In the finale of Power Rangers Turbo, the planet Eltar falls, stripping the Rangers of their powers, forcing them into space to try and rescue their old mentor Zordon.
In World of Warcraft there are numerous examples of this, as well as a couple of subversions, but given the name of the game, that's hardly surprising. There is the War Of The Ancients which led to the destruction of the Kaldorei kingdom and the world splitting apart. Then the Orcs almost complete annihilation of the Draenei on Draenor. After which, said orcs go on to invade the world of Azeroth and sack the human city of Stormwind. Later, they go on to enslave the Red Dragon Flight, with which, they almost reduce Quel'Thalas to burning ash. Later, Prince/Death Knight Arthas ends up killing every man, woman, and child in Stratholme. After that, he kills his father, several paladins, including another father figure, Uther, then sacks Quel'Thalas and Silvermoon City to use the Sunwell, which he then blows up. Oh yeah, at the end of that campaign, Archimonde comes around to completely demolish Dalaran. The Kaldorei lose their beloved demigod, Cenarius, in a battle with Grom Hellscream. Finally, the Kaldorei give up their immortality by blowing up the World Tree to kill Archimonde. Did I mention there were a lot of examples in this?
HOWEVER the killing of Archimonde, the whatever happened to Sargeras and Azeroth's ability to merely RESIST the Burning Legion are all pretty big. And implied to be bigger than anyone knows. Given this entails two cosmic horror like beings killed in a setting every (sane) person knows to be a cosmic horror story its kinda big.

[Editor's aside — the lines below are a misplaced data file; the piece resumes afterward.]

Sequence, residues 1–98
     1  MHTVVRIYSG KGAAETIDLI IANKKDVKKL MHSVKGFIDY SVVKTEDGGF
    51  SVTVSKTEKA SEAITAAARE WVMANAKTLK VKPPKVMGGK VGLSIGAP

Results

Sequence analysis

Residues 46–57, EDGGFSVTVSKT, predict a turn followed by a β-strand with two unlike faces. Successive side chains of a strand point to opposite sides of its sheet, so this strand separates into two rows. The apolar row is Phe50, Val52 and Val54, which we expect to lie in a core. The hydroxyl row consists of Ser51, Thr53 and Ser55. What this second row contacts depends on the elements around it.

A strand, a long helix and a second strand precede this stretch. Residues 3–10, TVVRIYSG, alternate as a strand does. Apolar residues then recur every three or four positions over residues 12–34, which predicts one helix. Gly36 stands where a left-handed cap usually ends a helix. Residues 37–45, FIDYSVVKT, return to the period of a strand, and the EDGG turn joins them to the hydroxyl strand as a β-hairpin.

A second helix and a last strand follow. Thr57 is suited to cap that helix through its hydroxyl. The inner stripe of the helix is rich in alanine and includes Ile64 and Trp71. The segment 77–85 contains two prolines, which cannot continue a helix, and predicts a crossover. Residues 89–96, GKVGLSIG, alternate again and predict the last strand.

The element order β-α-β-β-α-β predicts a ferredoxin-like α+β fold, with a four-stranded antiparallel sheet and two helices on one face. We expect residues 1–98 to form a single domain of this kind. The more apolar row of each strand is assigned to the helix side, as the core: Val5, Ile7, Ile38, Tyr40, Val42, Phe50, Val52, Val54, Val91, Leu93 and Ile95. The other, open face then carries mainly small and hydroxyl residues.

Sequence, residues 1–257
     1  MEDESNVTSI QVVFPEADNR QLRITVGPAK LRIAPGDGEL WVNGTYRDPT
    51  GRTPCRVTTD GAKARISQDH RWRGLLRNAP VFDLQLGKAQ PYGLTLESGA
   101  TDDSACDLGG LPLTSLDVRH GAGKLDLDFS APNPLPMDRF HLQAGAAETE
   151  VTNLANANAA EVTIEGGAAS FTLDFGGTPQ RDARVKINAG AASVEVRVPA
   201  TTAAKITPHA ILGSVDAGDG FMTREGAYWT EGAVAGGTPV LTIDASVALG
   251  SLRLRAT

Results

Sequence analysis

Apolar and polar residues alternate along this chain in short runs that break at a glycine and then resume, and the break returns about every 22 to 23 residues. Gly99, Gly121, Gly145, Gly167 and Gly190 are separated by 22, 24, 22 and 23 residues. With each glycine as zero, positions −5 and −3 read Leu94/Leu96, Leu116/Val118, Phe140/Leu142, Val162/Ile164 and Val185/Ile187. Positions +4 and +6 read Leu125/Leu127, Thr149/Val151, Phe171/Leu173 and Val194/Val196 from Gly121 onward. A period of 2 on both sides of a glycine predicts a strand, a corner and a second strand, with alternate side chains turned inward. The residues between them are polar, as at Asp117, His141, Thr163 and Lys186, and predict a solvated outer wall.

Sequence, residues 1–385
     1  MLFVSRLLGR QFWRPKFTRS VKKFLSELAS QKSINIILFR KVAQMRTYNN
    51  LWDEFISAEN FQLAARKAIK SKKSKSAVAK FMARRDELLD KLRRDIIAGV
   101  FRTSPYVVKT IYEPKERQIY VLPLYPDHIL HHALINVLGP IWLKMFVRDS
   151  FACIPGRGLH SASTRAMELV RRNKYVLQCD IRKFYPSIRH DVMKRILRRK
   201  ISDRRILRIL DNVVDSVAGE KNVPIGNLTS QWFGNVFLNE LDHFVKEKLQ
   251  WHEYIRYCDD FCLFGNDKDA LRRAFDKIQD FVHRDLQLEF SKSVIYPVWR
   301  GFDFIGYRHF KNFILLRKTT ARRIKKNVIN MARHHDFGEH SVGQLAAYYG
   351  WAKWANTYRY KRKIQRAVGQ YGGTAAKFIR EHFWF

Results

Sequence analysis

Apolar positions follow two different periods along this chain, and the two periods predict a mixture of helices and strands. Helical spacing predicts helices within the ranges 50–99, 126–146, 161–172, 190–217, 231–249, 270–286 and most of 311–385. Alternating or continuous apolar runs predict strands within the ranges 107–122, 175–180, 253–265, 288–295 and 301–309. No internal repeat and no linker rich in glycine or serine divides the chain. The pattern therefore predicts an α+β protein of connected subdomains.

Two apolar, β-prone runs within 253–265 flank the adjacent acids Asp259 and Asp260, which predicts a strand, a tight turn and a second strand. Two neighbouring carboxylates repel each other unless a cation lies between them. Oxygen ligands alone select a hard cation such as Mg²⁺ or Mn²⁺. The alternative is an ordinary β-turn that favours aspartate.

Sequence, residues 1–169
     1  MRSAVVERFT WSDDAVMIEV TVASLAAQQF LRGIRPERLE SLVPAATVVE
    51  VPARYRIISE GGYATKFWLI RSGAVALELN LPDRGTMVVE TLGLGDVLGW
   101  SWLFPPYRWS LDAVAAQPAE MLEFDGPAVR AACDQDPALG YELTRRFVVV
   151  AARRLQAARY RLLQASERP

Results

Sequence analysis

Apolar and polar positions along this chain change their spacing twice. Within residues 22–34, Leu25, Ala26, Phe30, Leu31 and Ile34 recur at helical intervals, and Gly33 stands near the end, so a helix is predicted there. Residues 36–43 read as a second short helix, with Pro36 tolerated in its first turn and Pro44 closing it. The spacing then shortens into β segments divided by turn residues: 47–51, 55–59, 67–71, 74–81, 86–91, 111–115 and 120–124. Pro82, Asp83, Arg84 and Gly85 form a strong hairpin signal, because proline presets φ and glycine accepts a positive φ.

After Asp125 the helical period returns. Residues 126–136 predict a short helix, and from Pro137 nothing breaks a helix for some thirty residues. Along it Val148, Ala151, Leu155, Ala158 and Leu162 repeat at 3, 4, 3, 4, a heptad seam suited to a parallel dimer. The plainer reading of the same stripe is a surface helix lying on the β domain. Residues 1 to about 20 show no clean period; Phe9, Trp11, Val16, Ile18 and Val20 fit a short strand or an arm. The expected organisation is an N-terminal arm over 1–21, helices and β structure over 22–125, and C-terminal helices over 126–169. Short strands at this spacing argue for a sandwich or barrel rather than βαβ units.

Wrath of the Lich King introduced the battle of Wrathgate, where a united Horde and Alliance force was destroyed by treasonous members of the Forsaken. This set back the offensive aginast the Lich King by years and renewed the waning war between the two factions.
Mists of Pandaria begins with Garrosh Hellscream destroying Theramore, home to the peace-seeking Jaina Proudmoore. The leader of the neutral Kirin Tor is killed and Jaina nearly destroys Orgrimmar in return. Following these events, Jaina assumes leadership of the Kirin Tor with a decidedly anti-Garrosh mindset.
By this point, almost everyone is pretty much against Garrosh, who has decided that the Horde should be an orc-only force, kicking out all of his allies. A combined force of the Horde (minus Garrosh's force) and Alliance prepares to storm Orgrimmar to take care of Garrosh once and for all. Not a legacy his father would've approved of.
All throughout the game´s expansions, the Trolls are much of a subject of this: Confirmed to be one of the first races to even be in the World. They had vast Empires, one completely shattered into two tiny tribes by Night Elves, and another almost annihilated by the first Human/High Elf Alliance, yet another, later destroyed by The Scourge in Northrend. They try many, many, many desperately evil things to try and get by, but so far, they do not seem to be able to get a break unless they align themselves with The Horde. And even that does not work THAT well for them...!